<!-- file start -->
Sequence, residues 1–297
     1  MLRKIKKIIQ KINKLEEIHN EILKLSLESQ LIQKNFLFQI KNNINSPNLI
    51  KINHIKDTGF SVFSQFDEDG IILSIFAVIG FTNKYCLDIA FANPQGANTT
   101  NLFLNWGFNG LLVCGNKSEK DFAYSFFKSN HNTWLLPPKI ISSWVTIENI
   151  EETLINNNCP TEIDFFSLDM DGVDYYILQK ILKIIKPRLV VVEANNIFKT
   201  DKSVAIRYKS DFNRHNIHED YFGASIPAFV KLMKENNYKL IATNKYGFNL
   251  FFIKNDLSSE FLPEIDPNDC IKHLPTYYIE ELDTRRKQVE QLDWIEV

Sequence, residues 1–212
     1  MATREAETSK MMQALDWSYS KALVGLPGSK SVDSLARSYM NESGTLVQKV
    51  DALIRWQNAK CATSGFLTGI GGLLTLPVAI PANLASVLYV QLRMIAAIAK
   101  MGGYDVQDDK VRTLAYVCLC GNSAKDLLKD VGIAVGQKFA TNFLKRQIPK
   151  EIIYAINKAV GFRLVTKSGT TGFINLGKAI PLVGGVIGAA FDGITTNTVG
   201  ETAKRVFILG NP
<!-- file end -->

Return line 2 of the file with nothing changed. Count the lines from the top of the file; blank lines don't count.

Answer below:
     1  MLRKIKKIIQ KINKLEEIHN EILKLSLESQ LIQKNFLFQI KNNINSPNLI